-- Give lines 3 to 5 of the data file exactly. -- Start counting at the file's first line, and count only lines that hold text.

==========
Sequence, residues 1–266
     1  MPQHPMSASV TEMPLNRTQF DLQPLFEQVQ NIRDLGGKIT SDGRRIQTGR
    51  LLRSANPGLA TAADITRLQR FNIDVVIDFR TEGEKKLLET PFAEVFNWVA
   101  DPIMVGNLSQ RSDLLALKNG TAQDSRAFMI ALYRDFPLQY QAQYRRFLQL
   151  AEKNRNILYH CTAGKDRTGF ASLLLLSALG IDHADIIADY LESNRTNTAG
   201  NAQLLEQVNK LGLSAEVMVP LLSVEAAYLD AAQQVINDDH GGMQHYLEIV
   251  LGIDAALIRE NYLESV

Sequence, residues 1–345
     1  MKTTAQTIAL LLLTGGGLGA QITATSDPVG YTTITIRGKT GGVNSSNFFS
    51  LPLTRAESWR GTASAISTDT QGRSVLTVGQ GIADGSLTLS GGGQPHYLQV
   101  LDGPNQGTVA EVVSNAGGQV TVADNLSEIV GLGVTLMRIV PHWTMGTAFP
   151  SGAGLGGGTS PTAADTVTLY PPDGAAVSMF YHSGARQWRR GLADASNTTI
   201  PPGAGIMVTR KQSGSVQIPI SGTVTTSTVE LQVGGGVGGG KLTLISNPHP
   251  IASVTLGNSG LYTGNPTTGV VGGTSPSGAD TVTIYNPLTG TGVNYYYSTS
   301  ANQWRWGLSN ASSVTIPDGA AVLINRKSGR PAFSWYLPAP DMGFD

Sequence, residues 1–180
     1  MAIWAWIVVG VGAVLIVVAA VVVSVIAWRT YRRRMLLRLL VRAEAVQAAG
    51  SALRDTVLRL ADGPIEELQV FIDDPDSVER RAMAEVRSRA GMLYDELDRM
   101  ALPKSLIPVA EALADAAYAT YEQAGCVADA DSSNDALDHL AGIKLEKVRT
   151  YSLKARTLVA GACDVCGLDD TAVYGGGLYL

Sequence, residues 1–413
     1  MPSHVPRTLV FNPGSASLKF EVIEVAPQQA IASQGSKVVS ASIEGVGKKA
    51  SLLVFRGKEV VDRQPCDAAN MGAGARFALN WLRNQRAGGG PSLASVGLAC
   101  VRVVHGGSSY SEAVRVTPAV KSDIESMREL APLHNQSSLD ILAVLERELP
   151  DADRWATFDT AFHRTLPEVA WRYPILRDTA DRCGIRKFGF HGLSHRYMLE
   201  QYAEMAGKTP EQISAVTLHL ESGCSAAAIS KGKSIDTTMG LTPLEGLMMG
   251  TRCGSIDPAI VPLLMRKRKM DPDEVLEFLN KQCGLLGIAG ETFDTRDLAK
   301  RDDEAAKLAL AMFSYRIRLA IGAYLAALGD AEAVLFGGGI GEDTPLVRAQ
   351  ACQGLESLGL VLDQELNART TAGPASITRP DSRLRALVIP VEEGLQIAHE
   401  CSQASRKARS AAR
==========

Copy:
    51  LLRSANPGLA TAADITRLQR FNIDVVIDFR TEGEKKLLET PFAEVFNWVA
   101  DPIMVGNLSQ RSDLLALKNG TAQDSRAFMI ALYRDFPLQY QAQYRRFLQL
   151  AEKNRNILYH CTAGKDRTGF ASLLLLSALG IDHADIIADY LESNRTNTAG